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Cádiz Carnival: art and fun for all

Cádiz’s Carnival is the city’s most important festival. Unlike other areas in Andalusia, which tend to hold their ferias between April and October, this city’s main focus is its carnival.

And what a great festival it is! Cádiz’s Carnival season could be said to begin with the end of the Christmas celebrations (7 January), and continues, in one form or another, for several weeks, until the end of February, or into March, depending on when Easter falls in each particular year.

The start of the season is marked by traditional feasts known as erizadas, pestiñadas, ostionadas and mejillonadas (where sea urchins, honey-coated pancakes, oysters and mussels respectively are offered free of charge) and by the start of the preliminary rounds of the Carnival competitions at the Gran Teatro Falla.

Moreover, Cádiz Carnival does not end on Ash Wednesday (which marks the beginning of Lent), but continues for two further weeks: with the Piñata weekend and the Carnaval Chico [Little Carnival] or the Carnaval de los Jartibles [literally: carnival for pests who won’t go away].

Nevertheless, the great festival only truly gets under way with the judging of the competition finals in the Gran Teatro Falla. These take place in the early morning of the Friday preceding the Carnival’s ‘Great Saturday’. From that moment onwards, the festivities move onto the streets and even into the most unexpected places.

 

 

It is a common occurrence, as you walk through any street in the historic quarter, to come across a group of ilegales [an unofficial troupe] singing spontaneously and for free. These groups of musicians possess an admirable ability to mock (and criticise) public figures, Government decisions and social attitudes—local, national and international.

The history of Cádiz Carnival

It appears that Cádiz’s Carnival celebrations as we see them today owe much to the presence in the city of Genoese merchants from the sixteenth century onwards. These were attracted by the trading possibilities with America through the city’s port.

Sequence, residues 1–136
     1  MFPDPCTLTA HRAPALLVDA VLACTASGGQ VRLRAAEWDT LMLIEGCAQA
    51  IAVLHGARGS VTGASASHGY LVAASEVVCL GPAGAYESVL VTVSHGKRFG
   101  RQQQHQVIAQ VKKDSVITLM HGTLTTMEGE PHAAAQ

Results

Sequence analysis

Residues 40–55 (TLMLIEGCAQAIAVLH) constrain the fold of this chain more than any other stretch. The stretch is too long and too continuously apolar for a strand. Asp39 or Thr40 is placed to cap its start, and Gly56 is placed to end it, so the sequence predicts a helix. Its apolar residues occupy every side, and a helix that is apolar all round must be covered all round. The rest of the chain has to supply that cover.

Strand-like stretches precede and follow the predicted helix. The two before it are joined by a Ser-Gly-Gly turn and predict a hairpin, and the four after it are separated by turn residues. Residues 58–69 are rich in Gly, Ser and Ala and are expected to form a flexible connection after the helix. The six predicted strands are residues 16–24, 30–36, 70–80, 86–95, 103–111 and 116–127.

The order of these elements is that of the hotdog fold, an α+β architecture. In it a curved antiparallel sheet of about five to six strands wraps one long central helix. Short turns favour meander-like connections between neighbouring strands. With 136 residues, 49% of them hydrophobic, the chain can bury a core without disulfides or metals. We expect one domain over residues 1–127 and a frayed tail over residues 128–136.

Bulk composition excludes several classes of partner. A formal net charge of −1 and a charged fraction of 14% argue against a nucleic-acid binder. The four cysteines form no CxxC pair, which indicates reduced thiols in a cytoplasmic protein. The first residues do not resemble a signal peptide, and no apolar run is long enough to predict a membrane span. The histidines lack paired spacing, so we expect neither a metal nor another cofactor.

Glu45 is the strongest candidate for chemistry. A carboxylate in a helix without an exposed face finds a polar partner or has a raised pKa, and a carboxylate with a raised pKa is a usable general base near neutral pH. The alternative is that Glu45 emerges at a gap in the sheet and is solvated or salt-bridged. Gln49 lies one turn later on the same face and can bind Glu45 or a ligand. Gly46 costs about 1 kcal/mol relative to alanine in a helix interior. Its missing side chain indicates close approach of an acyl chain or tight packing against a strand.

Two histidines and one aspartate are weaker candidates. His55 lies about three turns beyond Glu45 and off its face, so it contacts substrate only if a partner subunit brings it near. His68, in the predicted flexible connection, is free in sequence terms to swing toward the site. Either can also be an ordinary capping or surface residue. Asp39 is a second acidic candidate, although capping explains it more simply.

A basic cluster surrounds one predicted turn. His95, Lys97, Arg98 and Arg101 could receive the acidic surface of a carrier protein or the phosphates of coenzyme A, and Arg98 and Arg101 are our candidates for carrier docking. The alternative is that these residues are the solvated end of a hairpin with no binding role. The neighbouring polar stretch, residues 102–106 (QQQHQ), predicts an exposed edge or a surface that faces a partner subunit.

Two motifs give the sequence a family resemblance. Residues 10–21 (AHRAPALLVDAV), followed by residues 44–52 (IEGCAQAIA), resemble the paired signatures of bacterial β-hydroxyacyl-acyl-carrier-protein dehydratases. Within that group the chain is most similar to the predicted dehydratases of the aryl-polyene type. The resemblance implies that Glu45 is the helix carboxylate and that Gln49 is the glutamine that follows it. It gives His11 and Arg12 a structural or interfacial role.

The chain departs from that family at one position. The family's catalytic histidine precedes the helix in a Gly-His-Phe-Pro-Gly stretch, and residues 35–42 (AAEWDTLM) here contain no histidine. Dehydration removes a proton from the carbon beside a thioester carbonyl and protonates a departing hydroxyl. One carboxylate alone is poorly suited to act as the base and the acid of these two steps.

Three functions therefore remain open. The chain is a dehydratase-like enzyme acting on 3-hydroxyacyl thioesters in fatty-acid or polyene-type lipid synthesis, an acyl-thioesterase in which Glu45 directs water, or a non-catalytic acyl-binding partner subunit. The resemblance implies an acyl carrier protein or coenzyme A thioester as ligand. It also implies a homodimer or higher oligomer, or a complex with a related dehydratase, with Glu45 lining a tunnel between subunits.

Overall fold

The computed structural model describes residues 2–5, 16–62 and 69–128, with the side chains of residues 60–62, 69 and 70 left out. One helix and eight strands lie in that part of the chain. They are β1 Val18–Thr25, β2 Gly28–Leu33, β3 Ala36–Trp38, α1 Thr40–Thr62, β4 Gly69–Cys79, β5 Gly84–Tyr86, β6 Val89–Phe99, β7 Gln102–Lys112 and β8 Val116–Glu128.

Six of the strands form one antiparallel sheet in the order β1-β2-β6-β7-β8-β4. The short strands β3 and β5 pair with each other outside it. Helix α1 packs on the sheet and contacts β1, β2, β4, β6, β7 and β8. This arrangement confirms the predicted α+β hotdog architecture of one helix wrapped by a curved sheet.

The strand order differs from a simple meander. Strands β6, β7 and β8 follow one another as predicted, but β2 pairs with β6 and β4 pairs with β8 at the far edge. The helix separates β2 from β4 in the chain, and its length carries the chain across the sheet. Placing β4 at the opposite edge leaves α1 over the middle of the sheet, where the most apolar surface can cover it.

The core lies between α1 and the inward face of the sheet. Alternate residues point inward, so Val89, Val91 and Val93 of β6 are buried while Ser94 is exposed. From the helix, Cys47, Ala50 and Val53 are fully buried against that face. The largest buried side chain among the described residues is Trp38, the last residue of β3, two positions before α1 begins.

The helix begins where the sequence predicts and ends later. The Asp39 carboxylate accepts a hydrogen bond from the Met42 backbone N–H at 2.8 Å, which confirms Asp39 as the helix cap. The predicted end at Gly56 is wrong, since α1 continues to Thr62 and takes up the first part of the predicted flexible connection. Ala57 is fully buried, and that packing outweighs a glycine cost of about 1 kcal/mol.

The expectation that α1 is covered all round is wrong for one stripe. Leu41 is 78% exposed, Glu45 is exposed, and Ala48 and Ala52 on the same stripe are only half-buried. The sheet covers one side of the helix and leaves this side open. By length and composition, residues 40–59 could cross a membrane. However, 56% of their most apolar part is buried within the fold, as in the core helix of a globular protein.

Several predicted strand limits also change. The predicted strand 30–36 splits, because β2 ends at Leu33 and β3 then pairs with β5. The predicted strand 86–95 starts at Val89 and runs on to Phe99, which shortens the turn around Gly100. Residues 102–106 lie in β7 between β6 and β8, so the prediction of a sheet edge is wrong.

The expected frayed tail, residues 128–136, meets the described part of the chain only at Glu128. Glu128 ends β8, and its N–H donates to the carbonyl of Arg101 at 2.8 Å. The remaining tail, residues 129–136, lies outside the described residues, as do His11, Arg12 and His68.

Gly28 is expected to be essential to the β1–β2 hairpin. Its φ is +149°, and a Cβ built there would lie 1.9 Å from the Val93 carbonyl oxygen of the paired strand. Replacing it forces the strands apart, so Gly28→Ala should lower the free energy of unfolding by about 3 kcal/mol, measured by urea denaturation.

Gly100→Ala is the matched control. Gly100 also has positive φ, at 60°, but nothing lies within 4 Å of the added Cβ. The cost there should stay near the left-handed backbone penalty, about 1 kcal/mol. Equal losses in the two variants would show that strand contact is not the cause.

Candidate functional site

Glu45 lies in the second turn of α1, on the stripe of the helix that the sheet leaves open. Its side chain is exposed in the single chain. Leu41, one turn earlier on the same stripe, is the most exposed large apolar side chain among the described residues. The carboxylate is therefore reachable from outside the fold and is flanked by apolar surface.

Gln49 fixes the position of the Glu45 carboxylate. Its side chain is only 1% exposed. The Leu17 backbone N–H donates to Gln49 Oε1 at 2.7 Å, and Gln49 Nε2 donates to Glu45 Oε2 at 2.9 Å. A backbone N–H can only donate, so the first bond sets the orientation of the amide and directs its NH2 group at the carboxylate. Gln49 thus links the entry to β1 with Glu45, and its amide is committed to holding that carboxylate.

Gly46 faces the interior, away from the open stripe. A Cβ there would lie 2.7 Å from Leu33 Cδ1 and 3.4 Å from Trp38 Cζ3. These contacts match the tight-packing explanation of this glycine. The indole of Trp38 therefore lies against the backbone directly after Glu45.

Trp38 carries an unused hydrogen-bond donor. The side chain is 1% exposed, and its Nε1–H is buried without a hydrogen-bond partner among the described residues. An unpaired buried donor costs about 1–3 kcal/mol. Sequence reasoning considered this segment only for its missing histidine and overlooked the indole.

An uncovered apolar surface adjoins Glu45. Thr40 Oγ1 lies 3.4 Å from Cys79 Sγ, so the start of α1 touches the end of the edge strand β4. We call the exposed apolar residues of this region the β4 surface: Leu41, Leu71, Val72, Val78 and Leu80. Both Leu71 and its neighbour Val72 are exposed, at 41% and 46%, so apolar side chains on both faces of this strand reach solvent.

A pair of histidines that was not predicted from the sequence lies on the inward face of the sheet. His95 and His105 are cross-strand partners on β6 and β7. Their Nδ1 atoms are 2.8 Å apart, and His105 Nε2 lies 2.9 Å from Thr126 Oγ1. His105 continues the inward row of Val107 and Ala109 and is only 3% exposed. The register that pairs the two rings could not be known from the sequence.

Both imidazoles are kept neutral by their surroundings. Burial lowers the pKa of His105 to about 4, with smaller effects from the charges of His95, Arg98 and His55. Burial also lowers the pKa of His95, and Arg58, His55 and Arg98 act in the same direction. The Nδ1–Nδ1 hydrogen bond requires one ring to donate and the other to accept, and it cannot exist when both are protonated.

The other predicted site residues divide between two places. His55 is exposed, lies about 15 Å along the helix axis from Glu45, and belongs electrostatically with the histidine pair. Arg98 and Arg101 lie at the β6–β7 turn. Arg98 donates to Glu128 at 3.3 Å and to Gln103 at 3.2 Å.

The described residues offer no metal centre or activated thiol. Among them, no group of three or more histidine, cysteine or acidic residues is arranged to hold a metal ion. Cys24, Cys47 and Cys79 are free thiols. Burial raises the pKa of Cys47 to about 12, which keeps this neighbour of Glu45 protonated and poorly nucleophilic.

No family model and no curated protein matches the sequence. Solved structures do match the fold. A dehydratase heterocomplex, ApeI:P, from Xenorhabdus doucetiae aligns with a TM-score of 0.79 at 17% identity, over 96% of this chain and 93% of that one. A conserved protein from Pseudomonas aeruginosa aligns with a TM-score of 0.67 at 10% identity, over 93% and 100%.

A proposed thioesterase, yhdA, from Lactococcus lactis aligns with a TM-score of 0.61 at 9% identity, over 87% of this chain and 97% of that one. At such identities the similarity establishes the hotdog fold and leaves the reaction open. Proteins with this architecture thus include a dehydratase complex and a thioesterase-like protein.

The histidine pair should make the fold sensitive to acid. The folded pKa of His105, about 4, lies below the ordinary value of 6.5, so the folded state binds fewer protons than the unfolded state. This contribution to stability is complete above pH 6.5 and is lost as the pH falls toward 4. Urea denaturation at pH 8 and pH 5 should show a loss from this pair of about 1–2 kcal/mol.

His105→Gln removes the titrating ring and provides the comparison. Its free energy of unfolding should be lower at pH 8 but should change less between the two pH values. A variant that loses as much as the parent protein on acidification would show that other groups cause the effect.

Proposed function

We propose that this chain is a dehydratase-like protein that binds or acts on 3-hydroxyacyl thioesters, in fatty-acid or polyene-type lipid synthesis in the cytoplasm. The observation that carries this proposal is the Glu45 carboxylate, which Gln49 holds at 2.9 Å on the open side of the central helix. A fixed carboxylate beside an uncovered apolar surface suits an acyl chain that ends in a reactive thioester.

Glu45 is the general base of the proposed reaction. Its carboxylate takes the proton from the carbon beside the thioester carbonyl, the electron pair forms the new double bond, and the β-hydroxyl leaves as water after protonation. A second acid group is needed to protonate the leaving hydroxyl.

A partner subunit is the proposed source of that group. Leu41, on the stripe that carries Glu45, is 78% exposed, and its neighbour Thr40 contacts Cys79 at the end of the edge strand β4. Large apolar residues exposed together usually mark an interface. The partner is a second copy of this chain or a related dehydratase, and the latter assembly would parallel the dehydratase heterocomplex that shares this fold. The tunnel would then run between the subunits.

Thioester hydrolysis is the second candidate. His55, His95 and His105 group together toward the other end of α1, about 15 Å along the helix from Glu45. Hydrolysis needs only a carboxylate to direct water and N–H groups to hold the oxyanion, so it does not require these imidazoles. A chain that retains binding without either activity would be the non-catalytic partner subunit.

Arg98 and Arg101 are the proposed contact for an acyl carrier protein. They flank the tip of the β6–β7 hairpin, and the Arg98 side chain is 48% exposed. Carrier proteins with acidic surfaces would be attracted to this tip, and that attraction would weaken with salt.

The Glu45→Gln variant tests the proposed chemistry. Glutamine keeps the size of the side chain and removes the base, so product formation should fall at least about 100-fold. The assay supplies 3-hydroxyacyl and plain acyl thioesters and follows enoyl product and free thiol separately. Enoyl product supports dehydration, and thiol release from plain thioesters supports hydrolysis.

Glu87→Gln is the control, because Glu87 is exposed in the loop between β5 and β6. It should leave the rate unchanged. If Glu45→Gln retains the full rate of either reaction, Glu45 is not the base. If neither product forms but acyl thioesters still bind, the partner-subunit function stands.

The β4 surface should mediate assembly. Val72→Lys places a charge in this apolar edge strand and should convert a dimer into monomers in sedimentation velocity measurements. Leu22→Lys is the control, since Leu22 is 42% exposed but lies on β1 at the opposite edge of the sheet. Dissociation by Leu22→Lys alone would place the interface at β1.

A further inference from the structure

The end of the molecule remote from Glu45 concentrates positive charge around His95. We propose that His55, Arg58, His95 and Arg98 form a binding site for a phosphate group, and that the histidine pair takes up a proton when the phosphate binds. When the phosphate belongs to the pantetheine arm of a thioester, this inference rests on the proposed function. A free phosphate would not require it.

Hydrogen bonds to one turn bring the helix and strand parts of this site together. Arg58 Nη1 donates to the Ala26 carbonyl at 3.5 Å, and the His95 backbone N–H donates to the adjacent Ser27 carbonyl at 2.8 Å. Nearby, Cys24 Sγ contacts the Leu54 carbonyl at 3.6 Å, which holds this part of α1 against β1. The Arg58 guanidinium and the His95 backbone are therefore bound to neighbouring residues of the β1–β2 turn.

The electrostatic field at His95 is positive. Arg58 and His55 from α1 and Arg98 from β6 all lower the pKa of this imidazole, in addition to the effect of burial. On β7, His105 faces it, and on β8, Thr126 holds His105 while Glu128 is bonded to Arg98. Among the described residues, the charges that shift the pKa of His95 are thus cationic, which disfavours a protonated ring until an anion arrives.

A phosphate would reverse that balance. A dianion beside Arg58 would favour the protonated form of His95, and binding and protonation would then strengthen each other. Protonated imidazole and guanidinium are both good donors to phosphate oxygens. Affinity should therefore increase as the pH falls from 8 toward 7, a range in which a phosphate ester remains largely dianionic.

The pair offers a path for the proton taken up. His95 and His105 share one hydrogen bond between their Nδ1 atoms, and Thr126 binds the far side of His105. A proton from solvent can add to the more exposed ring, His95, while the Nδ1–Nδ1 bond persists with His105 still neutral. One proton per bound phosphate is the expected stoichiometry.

The Genoese, along with other Italian merchants, did not only bring their Carnival traditions, but also their puppet characters, planting the seed of what would develop into the Teatro de la Tía Norica [traditional puppet theatre].

The arrival of the Franco dictatorship marked the end of Carnival festivities throughout Spain, although in Cádiz Carnival celebrations continued in a more or less clandestine form. This remained the case until, in 1947, a munitions store exploded, causing the death of hundreds of Cádiz’s inhabitants. As a means of making amends to the city’s population, the authorities decided to allow Carnival celebrations to resume, albeit camouflaged beneath the title of Typical Cádiz Festivals. Nevertheless, the lyrics of the songs created by the various Carnival troupes were controlled (and censored) by those authorities.

With the arrival of democracy in Spain (in 1977), Carnival regained its true essence. In recent years, Cádiz’s Carnival has acquired even greater significance, as troupes from various parts of Andalusia and from the rest of Spain have begun to participate.

Cádiz Carnival: chirigotas

In Cádiz Carnival, the chirigotas (choral folksongs) play a special role. The name is given to both the troupe (of between 7 and 12 members) and to the musical compositions they perform. These are normally satirical and comical. And the tipo (disguise) worn by every member of the chirigota is always related to the central theme common to all the compositions.